MANILA- President Rodrigo Duterte has issued an executive order making it easier for the government to enter into oil exploration and development deals with third parties.
Duterte, through Executive Order 80, allowed third parties to participate in service contracts awarded by the government to the Philippine National Oil Company Exploration Corporation (PNOC-EC), the upstream oil, gas and coal subsidiary of the state-owned Philippine National Oil Company.
“In all cases, PNOC-EC shall enter into farm-in/farm-out agreements only with reputable, technically competent and financially capable entities,” the order stated.
According to Duterte's order, farm-in or farm-out refers to a practice of allowing the entry of third-parties to spread the risks inherent in oil and gas exploration, development and production.
It repealed the Arroyo administration's EO 556, which banned the awarding of farm-in or farm-out contracts by any government agency, including the PNOC and required it to "follow a strict bidding procedure" in selecting parties for oil exploration.
The Department of Energy (DOE) has long been pushing for the repeal of the Arroyo-era EO to allow a pending joint exploration in Service Contract (SC) 57 to push through.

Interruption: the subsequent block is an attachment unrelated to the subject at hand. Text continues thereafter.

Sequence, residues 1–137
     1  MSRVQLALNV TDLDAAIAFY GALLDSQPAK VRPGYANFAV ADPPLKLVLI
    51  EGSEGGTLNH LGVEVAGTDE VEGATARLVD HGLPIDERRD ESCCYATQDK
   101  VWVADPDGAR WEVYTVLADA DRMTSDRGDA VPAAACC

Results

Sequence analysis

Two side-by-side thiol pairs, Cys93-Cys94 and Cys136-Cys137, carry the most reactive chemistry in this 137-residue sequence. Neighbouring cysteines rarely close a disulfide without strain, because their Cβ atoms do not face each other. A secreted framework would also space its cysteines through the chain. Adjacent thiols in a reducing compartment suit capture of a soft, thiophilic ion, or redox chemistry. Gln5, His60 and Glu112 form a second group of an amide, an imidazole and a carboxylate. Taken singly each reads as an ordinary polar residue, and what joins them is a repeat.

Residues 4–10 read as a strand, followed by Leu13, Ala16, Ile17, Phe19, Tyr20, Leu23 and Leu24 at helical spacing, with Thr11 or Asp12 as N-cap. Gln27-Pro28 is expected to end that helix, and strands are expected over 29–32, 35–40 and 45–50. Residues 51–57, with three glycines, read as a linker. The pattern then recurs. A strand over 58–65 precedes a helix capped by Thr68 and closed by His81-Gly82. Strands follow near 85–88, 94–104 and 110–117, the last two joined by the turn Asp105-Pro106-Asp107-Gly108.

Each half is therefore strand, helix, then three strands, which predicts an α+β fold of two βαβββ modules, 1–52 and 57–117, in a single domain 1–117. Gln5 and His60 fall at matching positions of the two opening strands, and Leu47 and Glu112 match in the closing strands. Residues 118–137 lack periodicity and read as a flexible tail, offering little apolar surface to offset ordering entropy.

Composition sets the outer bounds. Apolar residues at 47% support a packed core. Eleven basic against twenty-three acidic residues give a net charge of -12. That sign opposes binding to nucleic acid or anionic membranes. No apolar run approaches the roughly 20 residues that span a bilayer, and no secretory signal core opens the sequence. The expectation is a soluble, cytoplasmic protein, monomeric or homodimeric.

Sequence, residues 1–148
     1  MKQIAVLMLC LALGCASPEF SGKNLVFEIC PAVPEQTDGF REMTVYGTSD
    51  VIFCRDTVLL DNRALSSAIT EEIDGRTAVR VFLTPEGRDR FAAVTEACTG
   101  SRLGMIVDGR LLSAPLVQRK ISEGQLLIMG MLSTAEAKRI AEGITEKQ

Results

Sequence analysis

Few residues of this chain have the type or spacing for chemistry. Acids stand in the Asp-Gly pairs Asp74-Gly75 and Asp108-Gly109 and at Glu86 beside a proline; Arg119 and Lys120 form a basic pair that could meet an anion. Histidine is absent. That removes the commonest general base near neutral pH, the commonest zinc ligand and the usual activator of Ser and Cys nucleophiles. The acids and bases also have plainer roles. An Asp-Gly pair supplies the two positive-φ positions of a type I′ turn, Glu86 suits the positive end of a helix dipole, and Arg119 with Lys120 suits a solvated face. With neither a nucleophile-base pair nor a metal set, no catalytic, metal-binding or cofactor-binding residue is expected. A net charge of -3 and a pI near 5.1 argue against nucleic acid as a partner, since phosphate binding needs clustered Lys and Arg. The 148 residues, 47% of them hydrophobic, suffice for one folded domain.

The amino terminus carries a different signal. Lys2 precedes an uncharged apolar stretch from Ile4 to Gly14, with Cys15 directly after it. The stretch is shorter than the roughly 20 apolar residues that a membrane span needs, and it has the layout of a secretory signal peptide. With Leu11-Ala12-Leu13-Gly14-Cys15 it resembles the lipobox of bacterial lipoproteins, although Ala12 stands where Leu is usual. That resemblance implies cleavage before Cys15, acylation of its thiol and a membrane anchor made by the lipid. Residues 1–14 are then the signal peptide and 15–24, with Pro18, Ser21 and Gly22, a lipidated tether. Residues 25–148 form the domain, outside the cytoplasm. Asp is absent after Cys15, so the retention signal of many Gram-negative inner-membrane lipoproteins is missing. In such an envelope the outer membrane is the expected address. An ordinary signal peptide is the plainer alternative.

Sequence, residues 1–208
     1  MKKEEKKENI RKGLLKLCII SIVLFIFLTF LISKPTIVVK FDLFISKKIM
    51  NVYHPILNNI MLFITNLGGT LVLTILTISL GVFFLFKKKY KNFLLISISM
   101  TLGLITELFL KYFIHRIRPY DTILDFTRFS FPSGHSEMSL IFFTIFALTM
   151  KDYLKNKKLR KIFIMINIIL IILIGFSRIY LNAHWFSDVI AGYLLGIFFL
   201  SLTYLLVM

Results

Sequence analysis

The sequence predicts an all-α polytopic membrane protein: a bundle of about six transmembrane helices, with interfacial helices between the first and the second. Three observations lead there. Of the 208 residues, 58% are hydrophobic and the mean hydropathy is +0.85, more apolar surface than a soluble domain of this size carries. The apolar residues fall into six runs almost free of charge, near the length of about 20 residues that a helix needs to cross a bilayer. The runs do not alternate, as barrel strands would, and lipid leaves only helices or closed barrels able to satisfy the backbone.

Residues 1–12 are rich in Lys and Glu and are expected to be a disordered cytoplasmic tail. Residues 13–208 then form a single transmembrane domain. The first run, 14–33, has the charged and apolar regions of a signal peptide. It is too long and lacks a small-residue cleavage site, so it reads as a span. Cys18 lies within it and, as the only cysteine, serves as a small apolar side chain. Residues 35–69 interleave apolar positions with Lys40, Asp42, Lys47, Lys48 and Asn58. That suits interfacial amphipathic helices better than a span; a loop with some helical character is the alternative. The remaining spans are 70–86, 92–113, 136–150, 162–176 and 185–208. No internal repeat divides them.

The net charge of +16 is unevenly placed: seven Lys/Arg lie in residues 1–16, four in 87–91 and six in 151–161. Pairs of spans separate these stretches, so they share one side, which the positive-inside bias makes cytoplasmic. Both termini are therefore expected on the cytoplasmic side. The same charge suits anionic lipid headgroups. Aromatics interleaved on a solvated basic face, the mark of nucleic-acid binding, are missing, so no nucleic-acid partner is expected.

SC 57 refers to an area under the exclusive economic zone (EEZ) of the Philippines.
According to the contract, state-run China National Offshore Oil Company (CNOOC) farmed in into SC 57 in 2006, acquiring 51 percent participating interest.
Arroyo's EO prohibits farming in, but its amendment would allow SC 57 to push through, according to Energy Secretary Alfonso Cusi.
The DOE, under Duterte's new order, is tasked to issue regulations specifying the third party selection process for the PNOC-EC.
All farm-in or farm-out agreements to be undertaken by the PNOC-EC must be approved by the energy department.
“The DOE shall take into consideration provisions of existing government selection procedures that enhance transparency and objectivity in the selection process, including GCG issuances requiring that contracts to be entered into by the government-owned and/or controlled corporations undergo review by the Office of the Government Corporate Counsel,” the EO stated.
Duterte's new order comes months after the Philippines and China signed a memorandum of understanding on oil and gas development in the disputed South China Sea.
Under the MOU, the 2 countries will set up an inter-governmental joint steering committee that will be "responsible for negotiating and agreeing the cooperation arrangement and maritime areas to which it will apply."
China claims almost the entire South China Sea, believed to be rich in energy reserves and marine resources, conflicting with partial claims of the Philippines, Brunei, Malaysia, Vietnam, and Taiwan.
In 2016, the Philippines won a case at the Permanent Court of Arbitration in The Hague, which invalidated China’s claim to sovereignty over most of the South China Sea, and also made clear that the potentially oil-rich Reed Bank was inside the Philippines’ exclusive economic zone (EEZ).
China does not recognize the ruling and has instead ramped up its militarization efforts in the vital waterway.